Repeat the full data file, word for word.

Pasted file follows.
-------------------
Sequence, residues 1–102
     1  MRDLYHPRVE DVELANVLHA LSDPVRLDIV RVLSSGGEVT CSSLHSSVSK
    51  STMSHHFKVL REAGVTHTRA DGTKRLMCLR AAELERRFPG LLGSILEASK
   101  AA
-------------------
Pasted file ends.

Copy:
Sequence, residues 1–102
     1  MRDLYHPRVE DVELANVLHA LSDPVRLDIV RVLSSGGEVT CSSLHSSVSK
    51  STMSHHFKVL REAGVTHTRA DGTKRLMCLR AAELERRFPG LLGSILEASK
   101  AA